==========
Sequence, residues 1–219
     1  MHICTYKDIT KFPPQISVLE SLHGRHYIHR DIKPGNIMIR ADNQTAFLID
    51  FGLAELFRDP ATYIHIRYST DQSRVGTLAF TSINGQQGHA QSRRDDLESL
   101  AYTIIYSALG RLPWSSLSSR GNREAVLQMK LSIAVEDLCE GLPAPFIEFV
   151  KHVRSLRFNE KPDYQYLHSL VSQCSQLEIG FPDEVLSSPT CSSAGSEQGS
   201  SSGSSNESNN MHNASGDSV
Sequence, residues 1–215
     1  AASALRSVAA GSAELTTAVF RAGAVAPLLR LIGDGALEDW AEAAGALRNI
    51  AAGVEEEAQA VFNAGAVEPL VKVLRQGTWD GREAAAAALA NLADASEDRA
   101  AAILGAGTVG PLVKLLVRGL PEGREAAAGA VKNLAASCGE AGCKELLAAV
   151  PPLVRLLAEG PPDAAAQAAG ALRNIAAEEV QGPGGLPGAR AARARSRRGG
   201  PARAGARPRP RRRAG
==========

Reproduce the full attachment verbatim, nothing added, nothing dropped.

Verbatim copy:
Sequence, residues 1–219
     1  MHICTYKDIT KFPPQISVLE SLHGRHYIHR DIKPGNIMIR ADNQTAFLID
    51  FGLAELFRDP ATYIHIRYST DQSRVGTLAF TSINGQQGHA QSRRDDLESL
   101  AYTIIYSALG RLPWSSLSSR GNREAVLQMK LSIAVEDLCE GLPAPFIEFV
   151  KHVRSLRFNE KPDYQYLHSL VSQCSQLEIG FPDEVLSSPT CSSAGSEQGS
   201  SSGSSNESNN MHNASGDSV
Sequence, residues 1–215
     1  AASALRSVAA GSAELTTAVF RAGAVAPLLR LIGDGALEDW AEAAGALRNI
    51  AAGVEEEAQA VFNAGAVEPL VKVLRQGTWD GREAAAAALA NLADASEDRA
   101  AAILGAGTVG PLVKLLVRGL PEGREAAAGA VKNLAASCGE AGCKELLAAV
   151  PPLVRLLAEG PPDAAAQAAG ALRNIAAEEV QGPGGLPGAR AARARSRRGG
   201  PARAGARPRP RRRAG